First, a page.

The idea of orienting to the mass organizations is seen by many on the Left as a “new” or innovative approach to politics. Others, who do not have a dialectical view of how the class moves, see it as opportunism or reformism of the worst sort. However, while on the surface it may seem mundane or even “boring,” it is in fact the most revolutionary lever there is. After all, the aim of such work is to win the masses to the perspective of socialist revolution. There is no perspective more revolutionary than that! And as we have seen, this approach is nothing more nor less than a continuation of the policy adopted and applied by all the great Marxists; by Marx, Engels, Lenin, and Trotsky, and further developed in the post-war period by Ted Grant.
In order to orient the reader and provide historical context, this volume opens with two British Perspectives documents, one from 1946, and another from 1968. Articles on the Independent Labour Party (a split from the Labour Party) and the Labour Party itself follow. We then reprint three articles on the Militant Tendency, followed by two important articles on the broader question of work in the mass organizations. One of Ted’s only articles on the U.S. is also included, which takes up the question of Henry Wallace’s presidential campaign and his visit to Britain in 1947. Then there are several articles on the trade unions, the general strike, and workers’ control of industry. Throughout these articles, we can see “unbroken thread” that unifies Ted’s work: absolute confidence in the working class, the urgent need to build the cadres of revolutionary Marxism, and a consistent approach to the mass organizations.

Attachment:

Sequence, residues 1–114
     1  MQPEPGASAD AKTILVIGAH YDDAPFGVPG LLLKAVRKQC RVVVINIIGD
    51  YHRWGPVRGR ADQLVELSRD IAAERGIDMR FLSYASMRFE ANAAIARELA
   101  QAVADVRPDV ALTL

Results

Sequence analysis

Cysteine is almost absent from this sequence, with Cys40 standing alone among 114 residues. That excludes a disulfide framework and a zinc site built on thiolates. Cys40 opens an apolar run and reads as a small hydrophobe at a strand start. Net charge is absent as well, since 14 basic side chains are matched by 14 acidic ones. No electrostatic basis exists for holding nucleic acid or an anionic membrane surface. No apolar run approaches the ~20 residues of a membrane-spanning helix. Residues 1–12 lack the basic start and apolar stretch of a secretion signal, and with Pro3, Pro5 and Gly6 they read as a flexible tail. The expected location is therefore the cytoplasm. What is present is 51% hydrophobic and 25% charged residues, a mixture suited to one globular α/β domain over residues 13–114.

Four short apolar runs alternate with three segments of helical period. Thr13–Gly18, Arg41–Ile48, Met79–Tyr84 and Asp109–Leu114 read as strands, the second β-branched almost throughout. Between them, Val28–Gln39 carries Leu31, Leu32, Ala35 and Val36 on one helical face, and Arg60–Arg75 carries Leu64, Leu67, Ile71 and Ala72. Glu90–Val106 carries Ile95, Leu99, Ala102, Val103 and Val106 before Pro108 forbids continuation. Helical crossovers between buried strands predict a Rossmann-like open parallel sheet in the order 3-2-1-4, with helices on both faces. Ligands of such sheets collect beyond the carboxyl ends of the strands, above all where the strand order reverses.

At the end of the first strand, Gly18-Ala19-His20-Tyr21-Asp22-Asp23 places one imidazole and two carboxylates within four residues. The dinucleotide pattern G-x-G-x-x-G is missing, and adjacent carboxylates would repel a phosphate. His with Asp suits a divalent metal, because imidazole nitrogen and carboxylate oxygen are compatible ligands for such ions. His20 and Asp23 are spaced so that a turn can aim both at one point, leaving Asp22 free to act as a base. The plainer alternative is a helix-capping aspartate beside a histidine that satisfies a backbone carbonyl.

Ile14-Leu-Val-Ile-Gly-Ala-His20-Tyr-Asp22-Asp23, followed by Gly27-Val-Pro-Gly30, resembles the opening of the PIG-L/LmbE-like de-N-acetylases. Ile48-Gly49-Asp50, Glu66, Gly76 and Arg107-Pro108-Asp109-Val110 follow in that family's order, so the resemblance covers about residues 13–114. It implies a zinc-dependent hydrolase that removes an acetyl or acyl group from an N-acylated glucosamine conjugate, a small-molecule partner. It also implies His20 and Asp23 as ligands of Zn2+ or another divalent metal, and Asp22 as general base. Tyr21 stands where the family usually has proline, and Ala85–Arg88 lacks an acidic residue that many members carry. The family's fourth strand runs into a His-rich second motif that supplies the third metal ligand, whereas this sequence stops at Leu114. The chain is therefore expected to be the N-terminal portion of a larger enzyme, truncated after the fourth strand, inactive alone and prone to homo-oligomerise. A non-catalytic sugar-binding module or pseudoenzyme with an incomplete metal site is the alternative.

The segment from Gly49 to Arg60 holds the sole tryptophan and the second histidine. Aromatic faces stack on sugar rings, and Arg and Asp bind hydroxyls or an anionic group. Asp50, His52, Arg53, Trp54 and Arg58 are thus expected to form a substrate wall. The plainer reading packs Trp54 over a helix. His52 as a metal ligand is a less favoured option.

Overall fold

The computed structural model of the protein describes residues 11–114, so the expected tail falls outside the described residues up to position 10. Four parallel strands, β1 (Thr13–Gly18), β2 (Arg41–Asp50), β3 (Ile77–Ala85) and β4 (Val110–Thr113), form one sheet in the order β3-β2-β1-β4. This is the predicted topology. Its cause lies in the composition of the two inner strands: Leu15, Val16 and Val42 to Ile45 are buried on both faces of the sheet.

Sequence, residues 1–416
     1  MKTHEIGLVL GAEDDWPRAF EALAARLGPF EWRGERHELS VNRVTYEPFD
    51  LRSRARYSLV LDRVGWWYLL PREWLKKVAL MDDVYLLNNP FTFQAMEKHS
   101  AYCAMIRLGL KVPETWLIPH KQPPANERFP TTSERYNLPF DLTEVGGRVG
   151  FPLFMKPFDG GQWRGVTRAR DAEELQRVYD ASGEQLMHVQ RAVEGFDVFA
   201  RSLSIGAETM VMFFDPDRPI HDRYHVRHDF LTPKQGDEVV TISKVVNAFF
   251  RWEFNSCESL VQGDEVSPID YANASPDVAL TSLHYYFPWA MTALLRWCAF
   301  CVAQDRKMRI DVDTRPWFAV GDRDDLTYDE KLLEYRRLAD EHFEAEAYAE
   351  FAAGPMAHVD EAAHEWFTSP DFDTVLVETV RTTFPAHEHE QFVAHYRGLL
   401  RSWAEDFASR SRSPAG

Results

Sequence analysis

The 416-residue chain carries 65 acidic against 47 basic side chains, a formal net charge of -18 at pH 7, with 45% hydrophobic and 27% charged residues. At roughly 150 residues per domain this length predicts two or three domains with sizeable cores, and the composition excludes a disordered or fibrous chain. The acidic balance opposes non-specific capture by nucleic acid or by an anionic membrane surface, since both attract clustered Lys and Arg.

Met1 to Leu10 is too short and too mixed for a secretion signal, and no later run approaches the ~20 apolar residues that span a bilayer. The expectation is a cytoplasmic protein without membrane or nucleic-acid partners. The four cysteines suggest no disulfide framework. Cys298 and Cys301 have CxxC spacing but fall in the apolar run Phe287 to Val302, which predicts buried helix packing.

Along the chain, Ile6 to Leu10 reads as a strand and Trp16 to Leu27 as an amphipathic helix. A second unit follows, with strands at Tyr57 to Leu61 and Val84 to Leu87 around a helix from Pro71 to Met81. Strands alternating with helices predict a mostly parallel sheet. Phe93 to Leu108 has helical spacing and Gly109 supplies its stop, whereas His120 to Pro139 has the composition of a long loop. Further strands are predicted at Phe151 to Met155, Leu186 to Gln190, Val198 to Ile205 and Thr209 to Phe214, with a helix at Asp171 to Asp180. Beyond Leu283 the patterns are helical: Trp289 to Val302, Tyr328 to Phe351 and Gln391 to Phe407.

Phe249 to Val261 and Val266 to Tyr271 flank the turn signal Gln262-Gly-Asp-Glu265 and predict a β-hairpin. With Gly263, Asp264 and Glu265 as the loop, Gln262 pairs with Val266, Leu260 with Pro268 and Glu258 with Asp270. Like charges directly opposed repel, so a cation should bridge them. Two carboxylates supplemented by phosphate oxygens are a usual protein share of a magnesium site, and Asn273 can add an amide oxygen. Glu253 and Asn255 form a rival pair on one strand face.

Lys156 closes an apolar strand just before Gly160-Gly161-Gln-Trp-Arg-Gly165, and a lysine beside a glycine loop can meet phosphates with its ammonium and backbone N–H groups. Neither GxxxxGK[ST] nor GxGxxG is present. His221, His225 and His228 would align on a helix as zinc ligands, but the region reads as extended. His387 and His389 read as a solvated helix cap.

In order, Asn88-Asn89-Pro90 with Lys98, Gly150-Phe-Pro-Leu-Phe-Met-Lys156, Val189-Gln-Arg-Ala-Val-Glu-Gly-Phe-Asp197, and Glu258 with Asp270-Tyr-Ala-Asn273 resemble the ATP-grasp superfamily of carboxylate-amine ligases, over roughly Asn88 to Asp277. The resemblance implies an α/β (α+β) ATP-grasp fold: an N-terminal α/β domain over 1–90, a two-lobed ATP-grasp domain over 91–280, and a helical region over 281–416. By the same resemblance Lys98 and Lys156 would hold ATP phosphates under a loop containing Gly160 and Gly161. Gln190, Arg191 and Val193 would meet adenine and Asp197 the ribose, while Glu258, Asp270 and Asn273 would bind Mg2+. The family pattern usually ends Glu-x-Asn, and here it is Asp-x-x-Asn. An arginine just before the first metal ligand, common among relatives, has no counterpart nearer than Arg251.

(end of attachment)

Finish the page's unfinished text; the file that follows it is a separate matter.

By the time I met Ted Grant, he was already quite old and not as involved in the day-to-day work of Socialist Appeal in the UK. I was perhaps one of the last comrades directly trained by Ted Grant, albeit only for a few short months. But the political and personal impact he made on me is undeniable. The power of the ideas of Marxism, as explained so clearly and concisely by him in our weekly conversations, convinced me to dedicate myself to the cause of the world proletariat. We started with just one person based in Fargo, North Dakota in 1998. Since then, the Workers International League—named after Ted’s first group in Britain—has grown into a modestly-sized organization with a growing presence around the country.
Ted Grant understood that the ultimate success of the world socialist revolution depended on the success of the revolution in the world’s most powerful capitalist country. By combining theory with action, political clarity with sacrifice and perseverance, those of us in the WIL are working hard to make Ted’s perspectives a reality. We invite you to join us! You can learn more by visiting www.socialistappeal.org.
Just one decade ago, the ground in the U.S. may have seemed a barren wasteland for these ideas. But Ted’s ideas have indeed taken root in the United States. There can be no doubt that the conditions are ripe for a revival of revolutionary Marxism. This is reflected in the hundreds of thousands of U.S. visitors to the In Defence of Marxism website at www.marxist.com. We are therefore pleased to present this new volume of Ted’s writings as a further contribution toward the theoretical arming of a new generation of Bolsheviks.
Minneapolis, December 19, 2011